- A coach can help a leader to get all employees on board in developing the organizational leadership brand. It has been said that creating an organizational leadership brand requires communities of commitment and team collaboration. This is because while the leader plays a critical role in articulating the leadership brand required, it is the employees at all levels who demonstrate the behavior of this brand on a day to day basis when they are engaging with clients. A leader, therefore, needs to get everyone behind his or her vision of the leadership brand. To do this, they must develop their vision and communicate it in a manner that is engaging and brings everyone on board. Coaching can provide a safe space for a leader to craft and try out this vision to ensure it is clear and compelling. A coach can also work with the leader to develop a strategy for engaging employees in the long- term to build the organization’s leadership brand.
- Leading and managing and change process. As stated: “Coaches help leaders reflect on their organizational lives, help them be more articulate about their situations, and help them make more conscious choices about how to lead.” Developing an organizational leadership brand involves a process of organizational change where a leader seeks to align the institution’s systems, polices, rewards and incentives with the desired leadership brand. Research conducted on the impact of executive coaching in the context of organizational change revealed that it led to increased goal attainment, enhanced solution-focused thinking, greater ability to deal with change and increased leadership self-efficacy and resilience. This demonstrates that by exercising all the key coaching competencies such as active listening, powerful questions, and acknowledgement, a coach can support a leader to successful navigate the change required to build their organization’s leadership brand.
The Limitations of Coaching in Developing a Leadership Brand.
While this paper has sought to demonstrate that coaching can be a valuable tool for leaders to develop either a personal or organizational leadership brand, there are limitations. Not every leader is coachable and not everything about a leader is coachable. For example, it has been argued by one author that a leader’s cognitive skills, drive, ambition, integrity, conscientiousness and tolerance of ambiguity are not coachable. Marshall Goldsmith, the renowned leadership writer and teacher states that there are four indicators to know that someone is not coachable:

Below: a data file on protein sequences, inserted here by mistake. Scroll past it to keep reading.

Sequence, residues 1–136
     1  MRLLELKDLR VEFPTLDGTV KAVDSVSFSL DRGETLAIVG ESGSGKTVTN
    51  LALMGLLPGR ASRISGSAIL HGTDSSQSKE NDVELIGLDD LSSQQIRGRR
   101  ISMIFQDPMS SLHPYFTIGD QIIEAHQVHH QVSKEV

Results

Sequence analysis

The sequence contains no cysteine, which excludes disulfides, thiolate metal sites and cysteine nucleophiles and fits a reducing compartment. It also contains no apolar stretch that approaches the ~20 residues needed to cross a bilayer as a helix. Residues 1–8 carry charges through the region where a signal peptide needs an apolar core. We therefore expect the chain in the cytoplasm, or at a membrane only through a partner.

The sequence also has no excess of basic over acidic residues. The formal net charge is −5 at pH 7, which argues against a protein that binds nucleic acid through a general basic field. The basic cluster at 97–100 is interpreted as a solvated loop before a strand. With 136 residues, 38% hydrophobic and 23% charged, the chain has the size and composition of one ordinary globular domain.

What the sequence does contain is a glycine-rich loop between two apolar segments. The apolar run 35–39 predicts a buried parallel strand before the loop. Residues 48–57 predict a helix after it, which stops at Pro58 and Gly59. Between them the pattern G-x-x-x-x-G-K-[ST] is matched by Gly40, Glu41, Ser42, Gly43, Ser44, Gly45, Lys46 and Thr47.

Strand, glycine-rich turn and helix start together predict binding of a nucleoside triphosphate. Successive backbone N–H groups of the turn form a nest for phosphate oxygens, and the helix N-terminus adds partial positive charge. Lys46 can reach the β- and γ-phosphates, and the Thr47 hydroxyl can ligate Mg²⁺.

- She/ He doesn't think she has a problem;
- He/ She is pursuing the wrong strategy for the organization;
- They're in the wrong job;
- They think everyone else is the problem;
Some coaches use tools such as the coachability index, which is a simple tool to determine if a person is ready for coaching. The tool examines:
- Learnability: A measure of the willingness to learn, unlearn and relearn.
- Changeability: A measure of the willingness to change mindset and habits.
- Believability: A measure of how much one believes in himself and his coach.
- Abortability: A measure of how much one is willing to give up solutions that do not work and replace with them alternatives.
Regardless of what criteria or tool one uses, what is important is to recognize that coaching may not appropriate or effective in all instances when building a personal or organizational leadership brand. It works best when certain conditions are in place. These include factors such as the leader’s receptiveness and desire for change, the chemistry and connection between the coach and leader, the competencies of the coach and an effective structure and process for the coaching.
In conclusion, developing a leadership brand has become a critical part of strengthening leadership effectiveness at both an individual and organizational level. At an individual level, leaders are recognizing the value of determining the type of leadership they want to be associated with and then aligning their behavior to that leadership. At the organizational level, organisations have learned to go beyond investing in individual leaders to investing in leadership capability more broadly. In all of this, coaching can play a critical role as it supports leaders with their self- awareness, enables them to gather feedback on their leadership effectiveness and supports them to drive organizational change.